Spain’s economy leads the way as the Eurozone begins to fight back
By Liam Sheasby, News Editor
01 May 2019
Pedro Sánchez: Spain's Prime Minister and leader of Partido Socialista Obrero Español (Spanish Socialist Worker's Party)
The Spanish economy has reported a 0.7% growth in GDP this week; up from the previous quarter’s growth of 0.6% and with twice as much economic growth as neighbouring France.
The news is timely for Prime Minister Pedro Sanchez and his Socialist Party, having just won the largest number of seats in the Spanish election but still being short of a majority. The positive economic figures could be enough to tempt uncertain rival parties into a coalition to break the hung parliament.
The Eurozone also posted improved figures with 0.4% GDP growth across the region; up from 0.2% in the fourth quarter of 2018. Italy was the surprise package of the 19-nation bunch, with 0.2% GDP growth bringing the beleaguered country back from its third recession in a decade.
The figures for Q1 2019 were reported by the Instituto Nacional de Estadística de España (National Statistics Institute of Spain) as shown by the chart below:
CNTR. Avance Trimestre 1/2019. El #PIB español registra un crecimiento del 0,7% en el primer trimestre de 2019 respecto al trimestre anterior en términos de volumen. Nota de prensa: https://t.co/sL9fzHACEJ Más resultados: https://t.co/vWvQIJ1vju #INE #economía pic.twitter.com/QcbpFJ1Fkb— INE España (@es_INE) April 30, 2019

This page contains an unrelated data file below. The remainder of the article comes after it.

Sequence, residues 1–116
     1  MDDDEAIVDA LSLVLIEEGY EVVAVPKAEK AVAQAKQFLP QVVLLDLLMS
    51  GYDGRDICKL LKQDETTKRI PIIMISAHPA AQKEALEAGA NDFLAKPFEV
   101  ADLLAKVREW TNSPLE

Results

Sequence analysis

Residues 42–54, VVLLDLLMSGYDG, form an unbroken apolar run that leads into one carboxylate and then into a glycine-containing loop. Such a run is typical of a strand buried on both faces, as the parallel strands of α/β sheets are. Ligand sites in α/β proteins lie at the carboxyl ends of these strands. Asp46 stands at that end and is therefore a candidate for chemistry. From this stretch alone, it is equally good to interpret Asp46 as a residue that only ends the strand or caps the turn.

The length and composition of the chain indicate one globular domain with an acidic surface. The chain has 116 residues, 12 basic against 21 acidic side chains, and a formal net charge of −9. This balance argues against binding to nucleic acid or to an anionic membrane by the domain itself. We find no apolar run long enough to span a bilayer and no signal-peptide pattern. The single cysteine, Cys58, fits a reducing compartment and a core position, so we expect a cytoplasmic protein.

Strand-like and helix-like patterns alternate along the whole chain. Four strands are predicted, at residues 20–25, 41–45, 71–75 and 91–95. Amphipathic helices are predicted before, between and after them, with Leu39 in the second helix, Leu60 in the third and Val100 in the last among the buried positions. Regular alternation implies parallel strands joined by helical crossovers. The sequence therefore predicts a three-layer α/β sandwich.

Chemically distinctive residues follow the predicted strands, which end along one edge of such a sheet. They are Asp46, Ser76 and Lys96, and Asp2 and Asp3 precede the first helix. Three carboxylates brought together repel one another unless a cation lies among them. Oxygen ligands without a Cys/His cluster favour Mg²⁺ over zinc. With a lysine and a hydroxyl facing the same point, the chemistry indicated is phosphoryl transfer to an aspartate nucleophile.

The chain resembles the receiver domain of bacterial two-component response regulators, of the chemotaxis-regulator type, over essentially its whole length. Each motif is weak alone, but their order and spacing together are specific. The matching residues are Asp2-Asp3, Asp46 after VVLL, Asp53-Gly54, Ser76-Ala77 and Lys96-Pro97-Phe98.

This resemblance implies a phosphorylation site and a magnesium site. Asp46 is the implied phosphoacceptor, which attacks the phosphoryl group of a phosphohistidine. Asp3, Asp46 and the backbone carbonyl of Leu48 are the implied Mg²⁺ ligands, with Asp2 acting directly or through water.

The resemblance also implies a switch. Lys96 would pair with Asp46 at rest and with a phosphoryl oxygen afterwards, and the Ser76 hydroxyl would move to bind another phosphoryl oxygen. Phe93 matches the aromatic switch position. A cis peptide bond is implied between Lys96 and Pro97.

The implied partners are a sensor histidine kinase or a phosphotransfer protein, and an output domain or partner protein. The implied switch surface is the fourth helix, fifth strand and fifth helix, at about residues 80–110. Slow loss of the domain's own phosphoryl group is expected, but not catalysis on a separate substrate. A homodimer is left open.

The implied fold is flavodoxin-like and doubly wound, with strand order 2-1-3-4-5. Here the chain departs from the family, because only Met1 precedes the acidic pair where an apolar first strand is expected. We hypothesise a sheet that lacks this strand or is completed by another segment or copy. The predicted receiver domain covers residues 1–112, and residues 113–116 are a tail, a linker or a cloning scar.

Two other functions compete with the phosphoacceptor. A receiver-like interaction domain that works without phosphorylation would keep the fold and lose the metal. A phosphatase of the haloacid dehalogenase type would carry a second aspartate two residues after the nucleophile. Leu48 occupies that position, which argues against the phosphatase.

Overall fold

The data also shows that Spain’s economy grew 2.4% faster in the first quarter of this year compared to the same period last year, with Bloomberg describing the gains as unexpected. Spain has now grown consistently since 2013.
The 0.7% growth realised in Q1 means that Spain’s economy has outperformed the Eurozone average for the past five quarters, with higher wages helping to stimulate consumer spending. The Spanish government – led by the re-elected Pedro Sanchez – estimates that Spain will achieve 2.2% overall growth this year.
One big concern is that Spain’s unemployment has risen again though – up from 13.9% in February to 14.7%. This comes off the back of nearly 600,000 jobs created in the last year; a figure not seen since before the financial crisis back in 2007.
It is perhaps the talk of uncertainty surrounding the re-elected Socialist government and their need to form a coalition, combined with the sudden rise in unemployment, that prompted Spain’s Antena3 (their equivalent of ITV) to run a feature on gold in their show Espejo Público (Public Mirror). The segment reported how gold demand in Spain was up around 50%, though without citation on their figures. Our sister website, Inversoro.es, has reported a rise in registrations, enquiries and orders in the past fortnight however, suggesting that appetite for physical gold is indeed rising in Spain – even if it’s not by the figure suggested in the Spanish media.